Del Pozo cosigns this idea, reinforcing what countless #stayathome Instagram posts have shown in the past month or so: This time of isolation may be the best for Kondo-ing your home. “Uncluttered space can reflect uncluttered minds,” she notes. “Simplifying the space around us, where we can find things in our kitchens and closets, does allow for more [mental] flow because we’re not being overwhelmed with managing stuff.”
Managing less stuff frees space to enjoy and connect to the beauty around us, whether it’s nature, a thoughtfully designed building, or your own home. “That simplicity is reminding us we don't need much more than safety in the accommodation and a little bit of comfort," says Del Pozo, whose work focuses on burnout mitigation and resiliency building. "When we do without, that leaves room for internal work and serves as a reminder that we provide the most support for ourselves — it doesn’t come from the outside. There’s a lot of fear going on right now and it seems when our comfort is threatened, then, boy, do we dig in. We could talk about toilet paper [hoarding], but even without it, we're going to be OK.”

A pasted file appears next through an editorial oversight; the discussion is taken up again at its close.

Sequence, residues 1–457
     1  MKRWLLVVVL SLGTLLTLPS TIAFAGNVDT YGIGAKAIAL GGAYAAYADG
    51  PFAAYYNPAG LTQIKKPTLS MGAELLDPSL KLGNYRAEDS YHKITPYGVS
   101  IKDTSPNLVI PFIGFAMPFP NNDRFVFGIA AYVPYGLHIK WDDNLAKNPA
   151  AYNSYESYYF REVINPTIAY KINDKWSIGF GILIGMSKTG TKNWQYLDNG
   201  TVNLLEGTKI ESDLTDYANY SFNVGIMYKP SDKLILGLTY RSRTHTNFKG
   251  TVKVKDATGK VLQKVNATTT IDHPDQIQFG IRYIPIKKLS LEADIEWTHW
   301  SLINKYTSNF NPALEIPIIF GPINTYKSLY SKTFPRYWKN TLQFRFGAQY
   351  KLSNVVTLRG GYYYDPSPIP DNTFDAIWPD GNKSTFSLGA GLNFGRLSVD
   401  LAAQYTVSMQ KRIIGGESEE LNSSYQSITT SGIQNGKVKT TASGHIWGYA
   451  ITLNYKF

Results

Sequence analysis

Silent Retreat Experience Takeaway: Create A Safe Space (Even In Scary Times)
Another strong shift I noticed when on retreat: In a very short time, I felt myself becoming less and less guarded. In this tranquil place, I didn’t have to worry about traffic, whether someone was following me on the street, or even what I was going to scrounge up for dinner. I was shocked by how quickly I assimilated into living with a sense of complete safety and how that state of mind allowed my thoughts to flow more freely. But when I run this experience by Del Pozo, she’s far less surprised.
“You can't grow personally or professionally if you don't feel safe,” she says. “You can try, but that safety piece is key.”
Outside of the carefully curated bubble of a retreat center, is it even possible to create a sense of safety, particularly when in the middle of a pandemic? Yes, says Del Pozo. But it will take some work. She suggests designating a space in your home or on your property — like a cushion or chair in your apartment, porch, or yard — that feels nurturing and far removed from push notifications and distractions that put you on high alert. “Use this place to physically retreat and separate yourself from media, noise, and all the distractions we’re surrounded with and notice how your breathing shifts,” she says.